Conductor Rachel Beausoleil does a final rehearsal with the choir ©Brett Delmage, 2014
Conductor Rachel Beausoleil does a final rehearsal with the choir ©Brett Delmage, 2014
Requiem for 14 Roses
Saturday, December 6, 2014
Knox Presbyterian Church, Ottawa

It began with 14 ringing notes on a gong, the sound of each note rising and falling throughout Knox Presbyterian Church.

Then long lines of flickering candlelights slowly moved down the church's nave. They were held by 40 female and male choristers, there to sing the premiere of Elise Letourneau's Requiem for 14 Roses, and to remember the women killed in the École Polytechnique Massacre, exactly 25 years before.

As the music continued, first the men and then the women singers moved to the front of the church, singing the emotion-filled and deeply solemn music.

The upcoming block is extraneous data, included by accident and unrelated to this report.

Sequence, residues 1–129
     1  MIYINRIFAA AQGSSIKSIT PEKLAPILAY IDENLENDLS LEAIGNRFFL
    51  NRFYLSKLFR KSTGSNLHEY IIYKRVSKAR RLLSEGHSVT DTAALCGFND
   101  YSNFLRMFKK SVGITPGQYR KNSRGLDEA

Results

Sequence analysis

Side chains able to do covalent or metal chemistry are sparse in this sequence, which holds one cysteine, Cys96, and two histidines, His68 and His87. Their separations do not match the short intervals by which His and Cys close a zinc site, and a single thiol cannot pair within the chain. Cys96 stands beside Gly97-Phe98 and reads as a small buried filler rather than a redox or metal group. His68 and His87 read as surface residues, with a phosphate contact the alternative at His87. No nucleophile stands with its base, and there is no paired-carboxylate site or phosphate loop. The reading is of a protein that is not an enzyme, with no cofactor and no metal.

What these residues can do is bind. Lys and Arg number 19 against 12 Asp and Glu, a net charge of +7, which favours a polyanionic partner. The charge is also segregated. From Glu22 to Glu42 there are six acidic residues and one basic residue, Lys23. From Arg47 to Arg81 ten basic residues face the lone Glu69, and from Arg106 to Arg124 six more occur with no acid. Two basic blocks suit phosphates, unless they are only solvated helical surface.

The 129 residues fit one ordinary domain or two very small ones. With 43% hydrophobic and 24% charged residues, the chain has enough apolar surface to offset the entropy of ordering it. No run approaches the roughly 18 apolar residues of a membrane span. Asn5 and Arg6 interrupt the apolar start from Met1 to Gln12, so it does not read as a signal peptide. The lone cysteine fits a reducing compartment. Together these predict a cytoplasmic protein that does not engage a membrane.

Letourneau combined choral passages, eloquent soloists (including jazz vocalist Sienna Dahlen and local cantor Jeremy Burko), and instrumental sections in her requiem. While remaining within the standard requiem form, she interposed 14 short instrumental passages throughout, featuring two trombones and two flugelhorns, to commemorate each of the women murdered, the melodies emphasizing the promise and loss of lives cut short.

 

The music combined both classical and jazz influences, but was primarily a work of sorrow and remembrance. At the end of the 90-minute show, the choristers and musicians filed out again and stood standing in the aisles.

The audience – which almost completely filled the church and its upstairs balcony and had been intently listening and nearly silent throughout – leaped to its feet in an immediate and extended ovation. They repeated the ovation when Letourneau and the other singers and musicians returned to the front of the church.

    – Alayne McGregor

See also: Requiem for Fourteen Roses: hope and remembrance after 25 years

Photos of the Requiem for Fourteen Roses dress rehearsal at Knox Presbyterian Church on 2014 December 6
All photos ©2014 Brett Delmage